Coping with Changes in Long Term Care

Long term care in Pennsylvania and across the nation is in a state of flux. New providers are entering the market while other facilities are closing their doors. Changes in reimbursement have rippled through the industry. The need for services is growing due to an aging population. There is a severe shortage of direct care workers, such as nurse aides. What does all this mean for providers, consumers and policy makers?

Dennis Shea

Researchers at Penn State have examined the perceived problems for home health agencies, assisted living facilities and nursing homes across Pennsylvania to see how facilities in rural and urban areas are responding to these changes. For their efforts, Dr. Dennis Shea, professor of health policy and administration, Kristine Pringle, a doctoral candidate in health policy and administration, and Dr. Robert Weech-Maldonado, associate professor in the Department of Health Services Administration, University of Florida, were recognized for their outstanding work by the Gerontological Health Section of the American Public Health Association. They were presented with the 2002 Excellence in Research on Aging and Rural Health Award.

"Major changes for long term care providers include 1997's Budget Balanced Act, the growth of managed care, increased competition between long term care providers, and nurse staffing shortages," explains Shea. "These changes can have a negative impact on providers and can affect the quality of care in long term care organizations."

The team mailed surveys to 2,793 long term care providers in Pennsylvania and obtained a response rate of 42%. They asked each provider to describe the economic and policy stressors affecting their organization.

"What set this study apart is that it took into account the full spectrum of long term care facilities," says Weech-Maldonado. "We surveyed nursing homes, home health agencies, and assisted living facilities."

"We were surprised how little emphasis there was on changes to the payment structure," adds Shea. "Work force was the top factor and the biggest area of concern. Having trouble with staffing was something they were hit with every day."

"Rural nursing homes were the most affected by environmental changes, such as changes to reimbursement policy," explains Weech-Maldonado. "But the difference between urban and rural homes was not as big as we expected. Hospital based units were the hardest hit."

"If rural nursing homes close down it can be really damaging for the community," he adds.

The growth of assisted living facilities, in which providers may help fairly independent residents with activities of daily living such as bathing and grooming, has also placed significant stress on nursing facilities by competing for residents.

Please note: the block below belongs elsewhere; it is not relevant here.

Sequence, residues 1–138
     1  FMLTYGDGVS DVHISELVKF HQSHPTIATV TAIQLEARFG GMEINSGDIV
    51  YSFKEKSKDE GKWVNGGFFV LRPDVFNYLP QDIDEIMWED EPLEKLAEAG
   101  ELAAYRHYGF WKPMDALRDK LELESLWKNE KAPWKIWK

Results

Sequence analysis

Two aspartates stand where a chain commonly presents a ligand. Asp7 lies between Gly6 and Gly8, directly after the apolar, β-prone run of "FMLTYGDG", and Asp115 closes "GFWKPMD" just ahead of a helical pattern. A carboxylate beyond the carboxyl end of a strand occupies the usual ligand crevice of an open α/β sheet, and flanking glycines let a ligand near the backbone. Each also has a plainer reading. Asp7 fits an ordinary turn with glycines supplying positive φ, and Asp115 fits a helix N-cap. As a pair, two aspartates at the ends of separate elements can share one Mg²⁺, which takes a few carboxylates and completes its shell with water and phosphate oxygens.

"The number of elderly people is increasing, but their health is improving at the same time," says Shea. "They're able to live more independently. In assisted living facilities there are different levels of care. It's a balance of quality and cost of care. Assisted living facilities have a lower cost, but they also provide a lower, less intensive, level of care."

Home health agencies and assisted living facilities reported the least stress from market and policy changes.

"Assisted living facilities are not as regulated as nursing homes, so they also have more flexibility when it comes to dealing with stressors. However some assisted living facilities feel the burden associated with not receiving funds from the largest long term care payer, Medicaid. In some cases home health agencies can cope a little better because they have more flexibility in selecting patients, changing the way care is given, or relocating their organization. Still, home health agencies face significant regulation, and are often smaller and have less capital to weather problems," Shea explains.

"In response to the environmental changes, long term care providers are increasingly forming formal and informal ties with hospitals and other long term care providers," says Weech-Maldonado. "The current long term care system is highly fragmented. These interorganizational relationships can facilitate care coordination for patients along the continuum of long term care, as patients move between varying intensities of service."

While their research has focused mainly on the consequences of policy changes on providers, future research will examine how changes in long term care affect consumers and communities, and the future of long term care in Pennsylvania.

"For the consumer, long term-care is in a dynamic state," Shea comments. "Facilities are merging and contracting with one another, and it's becoming much more confusing. There are lots of different organizations from which to choose. Part of this research is to make sense of the industry for people, so that down the road we can help them understand their choices."

The researchers emphasize that consumers should be sure to ask many questions when they shop for long term care.

"People should ask about staffing," says Shea. "Staffing has been closely linked to quality of care. Nursing homes are responding very differently to personnel shortages. Look at the number of RNs, LPNs, and aides that the facility has per resident."

"With the changes in organizations, customers should also be asking what services they get for what costs," Weech-Maldonado adds. "Assisted living means a lot of different things. People should ask whether a facility offers tiered payments for increasing service, or if they have a flat rate. Be sure to ask about additional charges as more services are needed."

"An informed consumer can make better choices. Finding the right level of care with the right provider is important. We hope that our research will help to educate consumers, providers and policy makers alike," remarks Shea.